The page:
PATERNAL GRANDPARENTS: Thomas and Charlotte Quaife Wickenden

Thomas Wickenden, father of Thomas Rogers Wickenden, married Charlotte Quaife near Rochester, Kent, England, in 1849. He died in 1861 when his ship was wrecked near the mouth of the Humber River. She supported their three sons until they moved to Toledo, Ohio, where she died in 1904.


Charlotte Quaife first came from England to Canada with her father and family but they struggled and had to return to Rochester, Kent.  The dramatic story of their emigration and return is told in the chapters of the Memoir book.  Many years later, after her husband, Thomas Wickenden, died at sea, Charlotte sent two sons, James and Thomas Rogers to live with her brother, Robert, who was serving as a minister in Toledo, Ohio, and then came over herself with her youngest son, Robert John.  

The picture on the right, taken in the fall of 1888,  shows the Thomas Rogers Wickenden family on the left, James, his wife and 3 boys on the right, Charlotte, and her brother Robert and his wife Sara in the middle.  The identity of the top row of individuals has been a mystery, but informed guesses include the identical twin sisters of Ida, Jennie and Jessie on either end (in the same dresses), Roberts two sons and their wives in the middle, and Sara Quaife's son Stephen Jarrett and his wife standing  behind Sarah. 

At the time, Charlotte's other son, Robert John Wickenden, and his wife Ada were living in Paris and beginning their move to Auvers, where they lived for 20 years.


The short biography of Charlotte Quaife Wickenden attached here was written by her granddaughter, Lottie Wickenden Ogden.  It was originally included as part of Chapter I of the Memoirs of the Thomas Rogers Wickenden Family.  Memoirs, Charlotte Quaife Wickenden.pdf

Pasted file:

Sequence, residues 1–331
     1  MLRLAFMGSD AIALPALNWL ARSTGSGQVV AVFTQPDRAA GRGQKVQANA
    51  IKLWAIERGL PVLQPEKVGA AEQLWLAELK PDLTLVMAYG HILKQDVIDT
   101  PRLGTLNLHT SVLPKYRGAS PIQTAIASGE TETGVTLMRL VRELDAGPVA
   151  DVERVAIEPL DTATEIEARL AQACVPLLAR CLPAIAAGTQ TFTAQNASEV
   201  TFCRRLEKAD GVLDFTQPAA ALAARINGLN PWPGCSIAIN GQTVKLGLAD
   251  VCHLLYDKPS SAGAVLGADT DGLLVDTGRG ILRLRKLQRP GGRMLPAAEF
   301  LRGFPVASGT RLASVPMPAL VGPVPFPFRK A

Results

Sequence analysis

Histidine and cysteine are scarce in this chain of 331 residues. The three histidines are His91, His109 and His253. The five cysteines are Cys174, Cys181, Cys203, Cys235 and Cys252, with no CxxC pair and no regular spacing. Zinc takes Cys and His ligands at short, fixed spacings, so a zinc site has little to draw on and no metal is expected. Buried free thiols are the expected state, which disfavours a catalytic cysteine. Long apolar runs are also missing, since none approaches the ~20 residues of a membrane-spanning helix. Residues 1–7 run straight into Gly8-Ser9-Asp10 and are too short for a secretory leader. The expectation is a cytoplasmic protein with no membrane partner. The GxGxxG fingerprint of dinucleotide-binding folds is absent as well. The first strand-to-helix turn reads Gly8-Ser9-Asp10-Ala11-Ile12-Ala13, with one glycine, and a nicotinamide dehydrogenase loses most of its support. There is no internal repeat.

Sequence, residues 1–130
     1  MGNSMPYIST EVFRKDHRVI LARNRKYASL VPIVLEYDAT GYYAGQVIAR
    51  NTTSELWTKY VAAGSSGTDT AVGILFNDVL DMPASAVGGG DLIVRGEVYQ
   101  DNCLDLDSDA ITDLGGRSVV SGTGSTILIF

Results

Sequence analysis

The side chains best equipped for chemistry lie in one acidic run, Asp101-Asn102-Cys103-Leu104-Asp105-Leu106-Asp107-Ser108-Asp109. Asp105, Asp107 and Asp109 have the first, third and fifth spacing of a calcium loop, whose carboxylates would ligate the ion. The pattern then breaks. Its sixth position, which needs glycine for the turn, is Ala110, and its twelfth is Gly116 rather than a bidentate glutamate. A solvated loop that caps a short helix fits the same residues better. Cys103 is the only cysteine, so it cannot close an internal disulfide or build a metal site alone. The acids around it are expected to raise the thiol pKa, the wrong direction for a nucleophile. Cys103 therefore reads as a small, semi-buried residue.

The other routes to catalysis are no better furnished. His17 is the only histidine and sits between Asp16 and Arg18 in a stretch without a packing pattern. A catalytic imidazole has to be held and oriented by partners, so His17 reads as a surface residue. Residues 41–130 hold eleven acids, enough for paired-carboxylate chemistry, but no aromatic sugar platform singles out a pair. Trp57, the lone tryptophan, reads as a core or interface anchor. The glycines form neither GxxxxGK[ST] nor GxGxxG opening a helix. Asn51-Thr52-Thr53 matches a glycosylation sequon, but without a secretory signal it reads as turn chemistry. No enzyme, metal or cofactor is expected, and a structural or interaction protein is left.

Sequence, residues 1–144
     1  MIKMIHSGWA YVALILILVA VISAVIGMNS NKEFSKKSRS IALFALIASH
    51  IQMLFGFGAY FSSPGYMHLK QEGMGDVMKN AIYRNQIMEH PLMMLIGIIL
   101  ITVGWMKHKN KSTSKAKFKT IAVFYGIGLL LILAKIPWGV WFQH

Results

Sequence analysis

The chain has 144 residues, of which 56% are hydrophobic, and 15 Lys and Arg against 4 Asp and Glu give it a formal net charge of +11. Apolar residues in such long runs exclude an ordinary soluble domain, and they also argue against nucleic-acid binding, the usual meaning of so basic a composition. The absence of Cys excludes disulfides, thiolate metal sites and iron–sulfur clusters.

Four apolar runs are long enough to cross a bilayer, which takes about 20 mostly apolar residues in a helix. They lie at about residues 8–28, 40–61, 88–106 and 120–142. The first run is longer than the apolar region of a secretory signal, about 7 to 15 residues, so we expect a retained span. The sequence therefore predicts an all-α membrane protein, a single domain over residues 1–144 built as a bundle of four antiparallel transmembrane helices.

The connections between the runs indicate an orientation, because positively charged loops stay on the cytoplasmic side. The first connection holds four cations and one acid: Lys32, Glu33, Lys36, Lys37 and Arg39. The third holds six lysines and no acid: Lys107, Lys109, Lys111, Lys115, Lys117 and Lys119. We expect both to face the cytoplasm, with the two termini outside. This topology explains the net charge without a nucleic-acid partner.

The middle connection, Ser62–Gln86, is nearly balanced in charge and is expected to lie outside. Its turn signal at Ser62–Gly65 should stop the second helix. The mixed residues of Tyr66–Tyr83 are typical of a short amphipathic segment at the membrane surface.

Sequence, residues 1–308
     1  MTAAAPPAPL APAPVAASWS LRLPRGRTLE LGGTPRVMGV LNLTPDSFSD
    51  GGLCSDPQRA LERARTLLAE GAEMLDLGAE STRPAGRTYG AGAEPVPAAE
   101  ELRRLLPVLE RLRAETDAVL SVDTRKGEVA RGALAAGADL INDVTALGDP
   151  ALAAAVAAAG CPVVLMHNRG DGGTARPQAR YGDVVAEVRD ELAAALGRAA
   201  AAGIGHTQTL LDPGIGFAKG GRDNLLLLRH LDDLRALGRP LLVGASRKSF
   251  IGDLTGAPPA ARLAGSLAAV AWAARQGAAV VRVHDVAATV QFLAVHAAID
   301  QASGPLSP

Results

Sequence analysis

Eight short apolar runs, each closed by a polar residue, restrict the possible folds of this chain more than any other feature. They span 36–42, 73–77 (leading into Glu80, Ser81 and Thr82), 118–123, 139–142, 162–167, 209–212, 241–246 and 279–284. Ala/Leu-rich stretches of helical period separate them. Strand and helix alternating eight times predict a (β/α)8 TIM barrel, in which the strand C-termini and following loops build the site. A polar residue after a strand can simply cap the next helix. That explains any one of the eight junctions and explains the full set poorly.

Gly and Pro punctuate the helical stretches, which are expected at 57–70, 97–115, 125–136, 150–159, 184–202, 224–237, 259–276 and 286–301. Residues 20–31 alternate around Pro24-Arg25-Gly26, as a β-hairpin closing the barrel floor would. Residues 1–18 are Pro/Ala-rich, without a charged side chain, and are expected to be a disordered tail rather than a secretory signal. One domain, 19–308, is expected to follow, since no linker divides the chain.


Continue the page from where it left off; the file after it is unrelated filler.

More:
Charlotte, her siblings and parents traveled across the Atlantic in 1832 and then back again to England several years later.  In letters to family and friends dated November 15, 1832, her parents, J.E. and Mary Quaife described their voyage to Canada and their life in the new country.  These letters were included in the Memoirs as an Appendix:  Memoirs, Quaife Letters.pdf 

Return to England

After several years, the family returned to England.  According to Homer Wickenden's account in the chapter on Family History (included in the Family History page, below) :  "After four or five years they returned to England destitute on the last ship sailing before winter set in. They were shipwrecked on the Northern coast of Ireland and had to work their way back to Rochester as best they could. Charlotte Quaife was red‑headed and was described by her mother in a letter from Canada as being "careless"."


In Lottie Wickenden Ogden's paper on Charlotte Quaife Wickenden and Her Family, a link to which is included above, she describes the dramatic story of the shipwreck: 

They had passage on a sailing vessel carrying rough lumber back to England. Even the deck was piled high with lumber and they had very little space in which to move around. It was a long journey, two months or more, and by the time they reached the other side the crew was drunk. In drawing near to Ireland, the ship foundered on the rocks and all their possessions were lost except the clothes they were wearing. They were rescued by people from the shore and given shelter, but having no money or anything they had to wait until a letter could reach their relatives in Chatham and money could be sent. Grandmother remembered how poor the people were and how glad they were when they finally reached England. She remembered especially how her only pair of shoes was stolen by their rescuers.